Sorry I haven’t posted since May when I moaned about how awful the endless online lockdown challenges were. Turns out they were just a harmless bit of fun and I did the album one again (do comment below if you want me to post it, it was unflinchingly honest on the third go round), but it’s been a weird few months and the only things worth writing about were all covid/lockdown-related and covered elsewhere. So I concentrated on writing the two books I had always planned to write this year. They were going really well up until the world re-opened and the existential dread kicked back in.
In fact I was being more and more productive right up until Taylor Swift released Folklore; since then I’ve spent all my free time listening to it in the garden drinking cider.
It’s been weird though, hasn’t it? It seems a thousand years since I published The Ballad Of Fat Labrador, and yet it was only February.
Just before everything changed and I forgot how to promote my books.
Back in April I did a lot of modelling for my wife’s art recreation challenges
Here’s me as the Angel Of The North
It was good for me, making myself go out and talk to people. But on the night of the last one in March, I was self-isolating at home from work with a slight case of the sniffles, so the Heart song I’d been rehearsing ended up on Youtube instead.
This is not the only time I’ve played with myself on film
I had a go at the virtual gig thing and while I managed to pull in the biggest audience of my solo career on a Facebook live performance, I didn’t like it. I missed the community, I missed standing outside a pub waving a cigarette at a stranger while attempting to explain why Miley Cyrus is the greatest rock vocalist of the 21st Century. So I didn’t do it again. I carried on putting edited videos on Youtube, but attempting to engage with an audience I can’t see from my kitchen is not for me.
I am missing the live experience terribly so if you are thinking of getting me to play guitar in your band, right now is the time to ask, I am pretty much certain to say yes.
Messing about with synths and banjos in my studio again (since I wasn’t having to learn any new material for bands or dep gigs) meant I ended up being a small part of the Manroom Sessions Isolation project with a bunch of guys I’ve known and played with for years. There were a lot of leftover bits once we were done and as a result I’ve put together the first new Plastic Squirrel material in five years (and filled it up with some stuff I found on a 23 year old tape).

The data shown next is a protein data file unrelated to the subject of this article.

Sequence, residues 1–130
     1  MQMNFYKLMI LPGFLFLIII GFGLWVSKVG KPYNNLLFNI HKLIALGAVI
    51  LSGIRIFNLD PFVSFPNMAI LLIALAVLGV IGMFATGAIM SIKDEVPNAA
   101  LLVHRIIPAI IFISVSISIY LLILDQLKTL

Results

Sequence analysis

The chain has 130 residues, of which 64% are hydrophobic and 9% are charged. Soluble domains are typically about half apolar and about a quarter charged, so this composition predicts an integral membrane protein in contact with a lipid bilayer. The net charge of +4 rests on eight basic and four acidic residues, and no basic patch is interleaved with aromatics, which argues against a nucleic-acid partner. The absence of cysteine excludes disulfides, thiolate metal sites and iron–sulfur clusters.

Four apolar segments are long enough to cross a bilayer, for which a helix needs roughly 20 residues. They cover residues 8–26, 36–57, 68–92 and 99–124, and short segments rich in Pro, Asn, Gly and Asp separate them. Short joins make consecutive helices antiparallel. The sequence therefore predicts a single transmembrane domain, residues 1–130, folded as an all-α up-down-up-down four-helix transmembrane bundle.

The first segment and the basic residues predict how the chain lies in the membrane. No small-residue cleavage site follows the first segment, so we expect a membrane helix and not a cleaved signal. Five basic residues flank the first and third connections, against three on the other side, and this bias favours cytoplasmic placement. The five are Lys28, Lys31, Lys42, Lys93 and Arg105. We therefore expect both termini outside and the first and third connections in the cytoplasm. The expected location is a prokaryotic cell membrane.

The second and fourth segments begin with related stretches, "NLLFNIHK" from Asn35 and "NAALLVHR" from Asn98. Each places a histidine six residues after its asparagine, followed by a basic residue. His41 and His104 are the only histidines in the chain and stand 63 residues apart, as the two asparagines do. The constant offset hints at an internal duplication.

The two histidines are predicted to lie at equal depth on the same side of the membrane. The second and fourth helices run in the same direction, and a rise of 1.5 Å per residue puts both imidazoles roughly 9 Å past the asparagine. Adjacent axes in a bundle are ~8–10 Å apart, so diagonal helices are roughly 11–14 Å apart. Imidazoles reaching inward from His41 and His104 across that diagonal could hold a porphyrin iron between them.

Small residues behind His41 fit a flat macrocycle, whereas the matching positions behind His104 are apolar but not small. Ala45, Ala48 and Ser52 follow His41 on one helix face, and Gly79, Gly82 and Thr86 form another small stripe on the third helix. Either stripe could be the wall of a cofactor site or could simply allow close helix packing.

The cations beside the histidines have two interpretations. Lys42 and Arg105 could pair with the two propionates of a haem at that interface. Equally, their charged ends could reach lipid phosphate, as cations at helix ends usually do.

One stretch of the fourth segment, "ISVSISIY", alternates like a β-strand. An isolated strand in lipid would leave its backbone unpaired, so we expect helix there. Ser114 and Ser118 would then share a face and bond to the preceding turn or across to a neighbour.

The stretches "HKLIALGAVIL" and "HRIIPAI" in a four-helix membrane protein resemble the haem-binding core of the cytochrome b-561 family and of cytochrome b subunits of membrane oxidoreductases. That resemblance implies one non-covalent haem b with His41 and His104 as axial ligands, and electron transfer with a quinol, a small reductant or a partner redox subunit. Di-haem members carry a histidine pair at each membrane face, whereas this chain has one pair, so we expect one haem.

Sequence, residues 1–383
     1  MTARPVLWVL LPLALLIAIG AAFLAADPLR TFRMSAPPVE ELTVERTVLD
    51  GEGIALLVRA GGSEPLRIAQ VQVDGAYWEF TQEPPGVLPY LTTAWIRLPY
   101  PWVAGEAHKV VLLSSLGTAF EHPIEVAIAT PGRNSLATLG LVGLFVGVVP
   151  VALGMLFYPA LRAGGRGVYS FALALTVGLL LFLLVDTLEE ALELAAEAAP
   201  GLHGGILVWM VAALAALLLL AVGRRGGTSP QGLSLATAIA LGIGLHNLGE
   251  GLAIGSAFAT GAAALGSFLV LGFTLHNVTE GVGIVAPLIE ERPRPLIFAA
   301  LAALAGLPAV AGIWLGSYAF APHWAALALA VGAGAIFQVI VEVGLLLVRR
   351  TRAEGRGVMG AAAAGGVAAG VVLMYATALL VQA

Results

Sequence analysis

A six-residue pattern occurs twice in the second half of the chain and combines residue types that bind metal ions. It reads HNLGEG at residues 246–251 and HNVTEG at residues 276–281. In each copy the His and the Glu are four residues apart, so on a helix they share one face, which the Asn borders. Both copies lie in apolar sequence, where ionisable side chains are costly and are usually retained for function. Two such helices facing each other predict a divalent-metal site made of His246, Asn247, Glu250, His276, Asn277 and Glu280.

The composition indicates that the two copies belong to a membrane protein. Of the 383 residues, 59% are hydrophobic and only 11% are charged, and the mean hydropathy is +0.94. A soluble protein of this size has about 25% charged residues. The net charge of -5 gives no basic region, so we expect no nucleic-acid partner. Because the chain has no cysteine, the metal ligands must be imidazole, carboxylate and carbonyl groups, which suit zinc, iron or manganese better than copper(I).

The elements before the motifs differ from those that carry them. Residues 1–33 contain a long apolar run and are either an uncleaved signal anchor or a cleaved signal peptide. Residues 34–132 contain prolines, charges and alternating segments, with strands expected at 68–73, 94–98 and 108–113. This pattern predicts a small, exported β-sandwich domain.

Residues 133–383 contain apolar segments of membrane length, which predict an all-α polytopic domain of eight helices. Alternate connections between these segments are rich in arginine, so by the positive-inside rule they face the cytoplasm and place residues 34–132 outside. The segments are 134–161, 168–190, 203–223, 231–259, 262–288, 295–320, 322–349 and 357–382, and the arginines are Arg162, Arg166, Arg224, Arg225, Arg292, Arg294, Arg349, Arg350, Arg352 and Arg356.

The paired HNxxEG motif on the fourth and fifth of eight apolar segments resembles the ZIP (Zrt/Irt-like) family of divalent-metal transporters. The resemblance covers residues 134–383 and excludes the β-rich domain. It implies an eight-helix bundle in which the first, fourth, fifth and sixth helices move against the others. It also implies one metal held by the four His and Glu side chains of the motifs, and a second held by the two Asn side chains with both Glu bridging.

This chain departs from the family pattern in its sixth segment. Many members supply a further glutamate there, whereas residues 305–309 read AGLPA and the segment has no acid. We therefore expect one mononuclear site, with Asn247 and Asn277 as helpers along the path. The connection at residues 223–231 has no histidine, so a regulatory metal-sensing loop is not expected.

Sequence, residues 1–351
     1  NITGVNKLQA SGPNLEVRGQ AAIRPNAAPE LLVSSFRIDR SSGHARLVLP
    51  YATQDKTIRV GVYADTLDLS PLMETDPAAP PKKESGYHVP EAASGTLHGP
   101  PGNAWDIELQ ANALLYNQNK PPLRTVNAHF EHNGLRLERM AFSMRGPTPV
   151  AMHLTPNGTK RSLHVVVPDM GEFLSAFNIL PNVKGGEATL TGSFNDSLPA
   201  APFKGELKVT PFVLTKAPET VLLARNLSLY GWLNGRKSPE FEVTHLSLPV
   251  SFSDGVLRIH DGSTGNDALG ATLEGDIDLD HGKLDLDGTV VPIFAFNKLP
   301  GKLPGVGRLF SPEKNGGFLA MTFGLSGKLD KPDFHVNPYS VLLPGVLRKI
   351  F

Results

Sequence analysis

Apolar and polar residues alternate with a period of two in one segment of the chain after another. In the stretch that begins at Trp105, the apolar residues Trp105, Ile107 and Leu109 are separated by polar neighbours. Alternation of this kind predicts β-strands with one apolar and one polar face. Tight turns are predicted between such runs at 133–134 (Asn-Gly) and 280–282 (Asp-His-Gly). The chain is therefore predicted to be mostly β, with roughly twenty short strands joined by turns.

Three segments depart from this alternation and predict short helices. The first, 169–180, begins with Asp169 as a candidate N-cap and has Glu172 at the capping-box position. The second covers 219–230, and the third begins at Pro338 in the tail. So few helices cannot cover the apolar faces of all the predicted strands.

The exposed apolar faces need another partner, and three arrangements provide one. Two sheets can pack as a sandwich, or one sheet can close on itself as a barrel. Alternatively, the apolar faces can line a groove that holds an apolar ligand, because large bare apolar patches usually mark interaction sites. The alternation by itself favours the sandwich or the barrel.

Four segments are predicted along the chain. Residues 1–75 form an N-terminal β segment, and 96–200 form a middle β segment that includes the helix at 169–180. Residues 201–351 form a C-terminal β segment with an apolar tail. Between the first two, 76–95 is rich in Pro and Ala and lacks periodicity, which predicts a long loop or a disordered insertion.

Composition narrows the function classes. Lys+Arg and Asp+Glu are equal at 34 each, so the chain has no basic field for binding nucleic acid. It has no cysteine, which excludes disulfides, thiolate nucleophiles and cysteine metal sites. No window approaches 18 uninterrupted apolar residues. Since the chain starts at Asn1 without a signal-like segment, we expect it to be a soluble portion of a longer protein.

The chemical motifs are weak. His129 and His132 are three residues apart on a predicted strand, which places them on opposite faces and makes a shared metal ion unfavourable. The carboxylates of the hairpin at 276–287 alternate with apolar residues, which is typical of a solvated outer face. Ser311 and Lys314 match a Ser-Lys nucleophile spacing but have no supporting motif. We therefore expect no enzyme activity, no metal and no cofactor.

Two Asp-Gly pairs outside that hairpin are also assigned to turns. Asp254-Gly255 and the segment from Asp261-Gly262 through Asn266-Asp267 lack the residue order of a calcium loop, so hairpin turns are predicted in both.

All that aside, April was possibly the happiest I’ve ever been. There were no expectations to go out, no obligations to live up to. I was (very lucky to be) working reduced hours at my day job, with no deadlines or expectations. The weather was lovely, and the actual business end of the pandemic was (and still is) a long way away from where I live - on the edge of a moor with a decent-sized garden. I feel guilty that I enjoyed it so much, but I managed to hit my self-imposed writing targets every single day, with time to sit back and relax.
At least that’s the way I remember it now - months after the fact. I do recall one afternoon where I came back, and let the full enormity of what was happening sink in. I opened a beer, rolled a cigarette and sat on my own in the garden, no music on (there was no point before Taylor Swift released Folklore), no book, no tv, no internet. No company to distract me. It was maybe a week and a half into the lockdown and I’d been too busy dealing with the practicalities of going to work to think about the implications of a global pandemic. I remember I really freaked out. After that I made sure I took time to think, breath and relax every day. I’d had no idea it made me so anxious until then.
Now things are getting back to normal, all the old, familiar, anxieties are back to replace that creeping sense of covid dread. I miss the spring, when it felt like all humanity was taking a deep breath and we were all going to come back stronger, better, more together and united (and able to knit, run 10k, play new instruments, paint masterpieces etc. etc.) It was like all the little right-left divisions stopped being important for a moment and we really were all one people who could get through this together.
Then an awful self-entitled dickhead refused to say sorry for driving to Durham and everything went crashing back to the same level of bickering and dreadful that it was before.
And there was so much hope.
I thought my friend and former Cosmic Jug bandmate Ian summed up the feeling of that weird time perfectly with this song - Grow Bag. It’s very lovely and you should take the time to listen.